Knowing the process behind memory retention is useful when visualising data for a story, so here are three areas to consider to make your visualisations more memorable
Una Sinnott's insight:
With the increasing use of data visualisations to tell stories, journalists run the risk of creating visualisations that do not stand out from the many other, similar charts, tables, and infographics online. By using custom colours, unusual forms, and juxtaposition of symbols and images you can ensure your visualisations have impact and are remembered.
You can create your own Twitter Archiving tool using Google Sheets in 5 minutes. It will automatically save all tweets for any Twitter hashtag or search term in a spreadsheet.
Una Sinnott's insight:
A quick tutorial from Digital Inspiration which runs through how you can save tweets related to a specific hashtag to a Google spreadsheeet and archive them for future reference. This could be particularly useful for collecting information on a breaking story or event, and the saved tweets can be accessed if and when you need them for an article, or you could use the archive to Storify the highlights of a trend.
Visage makes infographics easy, and they customize palettes for free.
If you’re an art director at a media outlet, odds are you have to assign and commission each data visualization you publish. That gets time-consuming, even when the graphic in question is nothing but a small pie chart running alongside a feature story.
Visage, a newly launched platform, provides custom templates for graphics. There are myriad tools on the market that do this (for a gander at 30 of them, check out this list), but Visage is the latest, and it's gaining traction with designers at Mashable, MSNBC, and A&E...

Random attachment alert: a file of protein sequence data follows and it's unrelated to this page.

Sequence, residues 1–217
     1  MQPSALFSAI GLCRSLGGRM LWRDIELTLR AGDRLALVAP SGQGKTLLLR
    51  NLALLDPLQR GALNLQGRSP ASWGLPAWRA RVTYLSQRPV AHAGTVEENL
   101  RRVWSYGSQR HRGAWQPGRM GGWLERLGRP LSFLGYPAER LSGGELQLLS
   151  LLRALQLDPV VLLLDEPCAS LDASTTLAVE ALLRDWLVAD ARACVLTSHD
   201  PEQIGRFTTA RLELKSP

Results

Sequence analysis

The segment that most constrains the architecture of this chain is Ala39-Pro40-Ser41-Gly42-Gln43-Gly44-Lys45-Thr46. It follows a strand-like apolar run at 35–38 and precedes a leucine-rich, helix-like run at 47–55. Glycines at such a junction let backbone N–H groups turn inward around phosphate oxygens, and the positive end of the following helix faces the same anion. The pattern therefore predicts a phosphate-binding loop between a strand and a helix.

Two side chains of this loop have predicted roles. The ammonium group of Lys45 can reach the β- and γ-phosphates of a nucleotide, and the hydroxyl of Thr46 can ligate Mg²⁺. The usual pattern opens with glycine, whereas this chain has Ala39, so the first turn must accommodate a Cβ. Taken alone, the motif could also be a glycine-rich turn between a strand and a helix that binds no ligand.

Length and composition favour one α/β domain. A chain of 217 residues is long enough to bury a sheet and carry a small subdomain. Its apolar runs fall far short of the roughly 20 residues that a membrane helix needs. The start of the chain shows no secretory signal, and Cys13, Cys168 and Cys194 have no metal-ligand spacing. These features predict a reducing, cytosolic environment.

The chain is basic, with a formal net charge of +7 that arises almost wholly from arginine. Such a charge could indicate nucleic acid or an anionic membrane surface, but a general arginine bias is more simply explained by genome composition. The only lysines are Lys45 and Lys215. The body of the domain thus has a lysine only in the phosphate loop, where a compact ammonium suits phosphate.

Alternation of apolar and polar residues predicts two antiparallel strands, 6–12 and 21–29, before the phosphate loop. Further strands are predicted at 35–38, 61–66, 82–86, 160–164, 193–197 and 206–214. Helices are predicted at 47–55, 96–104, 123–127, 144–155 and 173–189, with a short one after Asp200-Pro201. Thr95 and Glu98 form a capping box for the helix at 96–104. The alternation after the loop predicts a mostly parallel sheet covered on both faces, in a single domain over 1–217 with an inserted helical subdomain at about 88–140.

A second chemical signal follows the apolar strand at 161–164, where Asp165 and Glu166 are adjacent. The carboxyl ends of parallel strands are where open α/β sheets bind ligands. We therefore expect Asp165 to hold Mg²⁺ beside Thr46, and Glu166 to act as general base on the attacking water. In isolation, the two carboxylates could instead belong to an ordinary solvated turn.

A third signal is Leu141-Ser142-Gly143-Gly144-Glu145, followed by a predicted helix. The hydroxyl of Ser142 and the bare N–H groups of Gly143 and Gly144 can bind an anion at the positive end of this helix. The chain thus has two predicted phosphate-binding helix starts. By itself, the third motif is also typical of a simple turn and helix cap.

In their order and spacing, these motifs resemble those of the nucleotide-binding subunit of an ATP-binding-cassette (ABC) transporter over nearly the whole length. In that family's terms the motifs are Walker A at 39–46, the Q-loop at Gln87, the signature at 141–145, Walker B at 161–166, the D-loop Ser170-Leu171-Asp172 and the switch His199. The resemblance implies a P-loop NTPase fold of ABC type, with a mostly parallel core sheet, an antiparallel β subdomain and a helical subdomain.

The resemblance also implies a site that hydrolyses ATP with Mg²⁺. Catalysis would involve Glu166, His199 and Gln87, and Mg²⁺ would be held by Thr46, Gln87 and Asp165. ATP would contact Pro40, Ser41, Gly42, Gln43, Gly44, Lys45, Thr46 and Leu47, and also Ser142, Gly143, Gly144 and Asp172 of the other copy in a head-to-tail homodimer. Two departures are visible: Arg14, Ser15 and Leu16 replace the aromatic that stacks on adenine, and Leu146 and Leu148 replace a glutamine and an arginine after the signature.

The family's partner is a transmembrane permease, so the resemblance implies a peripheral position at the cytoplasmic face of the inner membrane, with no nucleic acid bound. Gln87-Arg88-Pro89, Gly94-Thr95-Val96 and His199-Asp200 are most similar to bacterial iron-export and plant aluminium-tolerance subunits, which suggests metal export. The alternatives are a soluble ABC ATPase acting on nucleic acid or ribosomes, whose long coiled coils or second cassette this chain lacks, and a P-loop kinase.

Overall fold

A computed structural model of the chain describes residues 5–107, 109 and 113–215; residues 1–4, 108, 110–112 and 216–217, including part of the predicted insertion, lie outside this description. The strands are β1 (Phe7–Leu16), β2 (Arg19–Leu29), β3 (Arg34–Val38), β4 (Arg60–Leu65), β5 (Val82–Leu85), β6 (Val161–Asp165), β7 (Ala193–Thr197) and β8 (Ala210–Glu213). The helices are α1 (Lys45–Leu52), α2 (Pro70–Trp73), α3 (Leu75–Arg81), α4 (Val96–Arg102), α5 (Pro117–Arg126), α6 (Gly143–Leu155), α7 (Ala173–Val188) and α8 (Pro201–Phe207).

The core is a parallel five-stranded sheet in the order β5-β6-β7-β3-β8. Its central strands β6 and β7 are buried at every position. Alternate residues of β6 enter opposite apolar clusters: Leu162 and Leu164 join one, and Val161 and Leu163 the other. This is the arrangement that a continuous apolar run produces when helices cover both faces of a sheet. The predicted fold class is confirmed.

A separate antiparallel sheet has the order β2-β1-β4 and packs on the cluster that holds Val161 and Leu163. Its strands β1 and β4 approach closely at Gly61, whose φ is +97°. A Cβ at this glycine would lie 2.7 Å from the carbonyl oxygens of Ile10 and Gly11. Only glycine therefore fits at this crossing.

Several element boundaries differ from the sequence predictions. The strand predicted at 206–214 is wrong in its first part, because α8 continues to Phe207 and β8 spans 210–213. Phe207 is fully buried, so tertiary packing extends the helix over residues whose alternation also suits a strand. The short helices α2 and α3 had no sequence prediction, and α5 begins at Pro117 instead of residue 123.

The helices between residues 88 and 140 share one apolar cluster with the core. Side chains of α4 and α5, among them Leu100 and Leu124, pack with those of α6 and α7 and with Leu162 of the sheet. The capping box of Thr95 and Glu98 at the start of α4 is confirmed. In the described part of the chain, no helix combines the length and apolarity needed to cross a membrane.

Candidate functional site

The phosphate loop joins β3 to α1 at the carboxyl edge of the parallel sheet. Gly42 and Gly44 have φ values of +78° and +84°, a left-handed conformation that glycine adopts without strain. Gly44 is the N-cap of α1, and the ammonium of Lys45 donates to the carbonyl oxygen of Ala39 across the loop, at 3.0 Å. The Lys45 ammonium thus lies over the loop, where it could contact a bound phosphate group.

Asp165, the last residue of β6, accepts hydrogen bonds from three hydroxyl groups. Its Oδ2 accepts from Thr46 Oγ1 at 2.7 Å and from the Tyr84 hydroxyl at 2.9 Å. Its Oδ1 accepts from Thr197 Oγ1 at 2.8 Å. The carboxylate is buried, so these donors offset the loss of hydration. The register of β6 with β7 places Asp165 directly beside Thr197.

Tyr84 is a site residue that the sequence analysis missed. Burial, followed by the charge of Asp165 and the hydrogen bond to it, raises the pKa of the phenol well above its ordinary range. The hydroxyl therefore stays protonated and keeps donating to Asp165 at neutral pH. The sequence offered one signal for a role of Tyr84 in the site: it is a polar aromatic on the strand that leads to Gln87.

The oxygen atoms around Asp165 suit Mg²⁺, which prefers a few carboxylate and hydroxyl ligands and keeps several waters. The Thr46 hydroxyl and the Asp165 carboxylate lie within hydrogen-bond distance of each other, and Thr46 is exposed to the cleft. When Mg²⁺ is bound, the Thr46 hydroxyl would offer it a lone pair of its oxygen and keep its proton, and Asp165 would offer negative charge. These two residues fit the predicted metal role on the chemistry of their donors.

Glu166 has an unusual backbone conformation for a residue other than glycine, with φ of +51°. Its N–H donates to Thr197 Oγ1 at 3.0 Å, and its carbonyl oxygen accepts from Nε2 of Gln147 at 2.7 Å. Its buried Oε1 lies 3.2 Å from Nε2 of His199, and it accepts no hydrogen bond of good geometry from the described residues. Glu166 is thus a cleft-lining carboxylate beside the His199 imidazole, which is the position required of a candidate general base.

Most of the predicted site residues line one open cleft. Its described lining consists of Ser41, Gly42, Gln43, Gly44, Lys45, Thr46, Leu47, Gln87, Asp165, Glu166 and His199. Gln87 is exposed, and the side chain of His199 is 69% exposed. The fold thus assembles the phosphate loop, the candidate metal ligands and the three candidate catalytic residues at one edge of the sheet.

As data visualization expands its reach – through the rise of Massive Online Courses, the countless events and, most significantly, the interconnection between different disciplines and knowledge fields that produce inspiring works and innovative projects -, it’s only natural that the number of folks writing about it keeps rising.
There are literally hundreds of interesting blogs out there, covering all the aspects surrounding the production of quality, effective data visualizations.
Visit the link to find a collection of resources and interesting projects that give a pretty good idea of how vast and rich the data visualization community is...
At a time when journalism is undergoing a profound crisis as a result of the rise of social networks, financing difficulties, and increasing layoffs in the media industry, the 1st Data Journalism Conference organised by the Spanish chapter of the Open Knowledge Foundation opened up a new direction for the profession; a future that paradoxically goes back to its origins: to the search for new sources, to objective accounts of events and to data analysis.
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